Google Docs:  Ready for Power Proposal and RFP Response Users?

We frequently monitor the progress Google is making with Google Docs. Given the ubiquity of the Google offerings and their web-based approach we wanted to see what’s changed in the last year that may add value to serious proposal writers who need a full-featured word processor. We start with the assumption that Microsoft Office 2016 Desktop is the standard-of-record in terms of features and offer a summary comparison starting from that vantage point. We have summarized five key product attributes:


Google Docs is web based. This necessarily requires that content in the form of documents, spreadsheets, performance reporting and other information is stored on their cloud service. Many companies are concerned about recent wholesale breaches in web hosted content repositories. While Google has not been shown (yet) to have suffered any major intrusions this may be a cause for concern among organizations that demand the highest level of security on content and financial data.

If safety and data integrity are a priority, then Google Docs may have to take a backseat to the more traditional in-house network implementations of Microsoft Office where the security vulnerabilities are known and can be mitigated.


As you might expect with web-based software, users are at the mercy of the connection speed and overall internet performance.  In our testing, this can be perfectly acceptable at times but just as equally  slow and cumbersome.  Typing-ahead occurs with some frequency, where you see a delay in the screen response as you type.  Other performance issues are noted in various on-line forums.  Is this any different than the web based performance of Microsoft Office 365?  No, but our comparison is predicated on the full featured Windows version of Office.  There is an offline version of Google Docs that can lessen performance considerations yet this introduces the issue of synching with respect to other on-line users.  More information is available here on performance issues:

Styles and Formatting

The recent addition of limited style handling has added a measure of improved style control and efficiency: Google docs 2 Yet this new style handling falls far short of what is needed forthe development of complete and sophisticated style sheets for meaningful proposal work.  Custom ‘named’ styles are not supported.  Only the short list of standard styles shown here is allowed. Compared to Word’s comprehensive style handling Google Docs is still in its infancy and will not satisfy organizations who prepare proposals or RFPs with more robust style sheet and branding requirements.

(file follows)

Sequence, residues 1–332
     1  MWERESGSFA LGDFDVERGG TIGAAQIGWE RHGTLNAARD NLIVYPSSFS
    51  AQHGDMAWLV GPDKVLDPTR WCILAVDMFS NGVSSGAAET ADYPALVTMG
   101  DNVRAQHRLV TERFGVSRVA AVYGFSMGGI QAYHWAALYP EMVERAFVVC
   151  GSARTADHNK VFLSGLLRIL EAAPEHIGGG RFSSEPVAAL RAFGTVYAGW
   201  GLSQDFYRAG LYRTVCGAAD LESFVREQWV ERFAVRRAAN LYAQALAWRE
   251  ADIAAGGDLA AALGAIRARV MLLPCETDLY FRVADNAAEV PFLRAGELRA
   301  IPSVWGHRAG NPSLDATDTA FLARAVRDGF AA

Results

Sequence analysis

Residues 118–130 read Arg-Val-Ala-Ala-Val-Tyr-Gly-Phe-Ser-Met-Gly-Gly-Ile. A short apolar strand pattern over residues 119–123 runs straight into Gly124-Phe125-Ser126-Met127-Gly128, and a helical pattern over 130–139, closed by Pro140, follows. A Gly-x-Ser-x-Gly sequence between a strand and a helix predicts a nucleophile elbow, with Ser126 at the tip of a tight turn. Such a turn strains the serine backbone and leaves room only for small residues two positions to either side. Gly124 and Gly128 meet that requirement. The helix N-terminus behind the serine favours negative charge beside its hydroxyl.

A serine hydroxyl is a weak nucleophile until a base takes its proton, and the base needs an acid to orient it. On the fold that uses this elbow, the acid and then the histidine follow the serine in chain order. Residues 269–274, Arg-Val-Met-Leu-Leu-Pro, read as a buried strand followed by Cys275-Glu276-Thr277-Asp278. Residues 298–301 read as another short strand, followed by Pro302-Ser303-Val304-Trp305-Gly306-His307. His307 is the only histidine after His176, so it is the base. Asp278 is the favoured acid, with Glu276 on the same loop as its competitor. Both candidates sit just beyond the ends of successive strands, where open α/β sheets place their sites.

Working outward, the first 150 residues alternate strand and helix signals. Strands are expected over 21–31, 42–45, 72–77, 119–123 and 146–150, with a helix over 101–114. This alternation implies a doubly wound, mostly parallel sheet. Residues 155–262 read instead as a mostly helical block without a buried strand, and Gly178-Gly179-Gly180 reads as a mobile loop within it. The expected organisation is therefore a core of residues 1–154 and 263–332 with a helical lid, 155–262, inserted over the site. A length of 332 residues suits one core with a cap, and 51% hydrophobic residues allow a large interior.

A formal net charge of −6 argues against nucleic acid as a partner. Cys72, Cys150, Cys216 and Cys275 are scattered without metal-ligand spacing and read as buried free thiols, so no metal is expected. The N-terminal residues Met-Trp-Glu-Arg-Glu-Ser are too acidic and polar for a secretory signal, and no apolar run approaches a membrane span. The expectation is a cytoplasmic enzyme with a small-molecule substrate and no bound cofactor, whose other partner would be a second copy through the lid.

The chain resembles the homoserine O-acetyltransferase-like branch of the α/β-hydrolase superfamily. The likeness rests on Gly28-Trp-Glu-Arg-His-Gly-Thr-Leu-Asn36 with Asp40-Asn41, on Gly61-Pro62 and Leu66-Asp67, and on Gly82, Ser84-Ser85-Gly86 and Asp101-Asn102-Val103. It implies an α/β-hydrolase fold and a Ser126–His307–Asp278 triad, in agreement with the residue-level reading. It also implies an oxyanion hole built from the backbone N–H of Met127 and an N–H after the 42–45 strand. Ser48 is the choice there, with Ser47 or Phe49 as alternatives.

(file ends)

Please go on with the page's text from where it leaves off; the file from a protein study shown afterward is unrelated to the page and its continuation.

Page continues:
Automation and Scripts

Google Docs supports customization via Google App Scripts, a proprietary implementation of JavaScript.  Perhaps this is enough said.  Unless you are prepared to learn a computer scripting language with a significant time investment, it may be better to avoid this aspect of the software unless your company provides programming resources to you for these customizations.  More information is available here on scripts: Consider that Word 2016 offers user-defined Macro recording which generates repetitive customized functions automatically and the difference becomes quickly apparent. Like Office, Google provides a wide range of third-party add-ins that can be useful in adding functions to Google Docs.  Most of these additions will come with an incremental fee.

Google Docs 3


One of the taken-for-granted features in Office is the ability to link the various Office elements to such as documents, spreadsheets and slides seamlessly.  For instance, taking an Excel spreadsheet and paste linking it directly in a Word document allowing editing from Word to Excel and vice versa.

Google docs 4

Google Docs does not yet provide a method for this type of in-line editing of objects that reside in another Google application area.  For instance, the same spreadsheet in Google Docs is rendered as a simple table without any link provided to the source spreadsheet:

Google Docs 6

The loss of this underlying connectivity among objects may present challenges for proposal writers who depend on multiple office objects in creating sophisticated compound documents.


In the early days of Google Docs one reviewer compared Google Docs and MS Office by saying:

“Google Docs is rich text editor; Microsoft Word is a true word processor”

While the gap is certainly closing between the two product offerings there remain a number of areas where Google Docs is not yet able to offer the depth of capabilities needed by professional proposal and RFP writers.  For those who are considering switching to Google Docs we suggest developing a checklist of features that are currently used in Microsoft Office to ensure the equivalent features are available in Google Docs. Look for our detailed checklist in an up-coming Expedience Blog Post.

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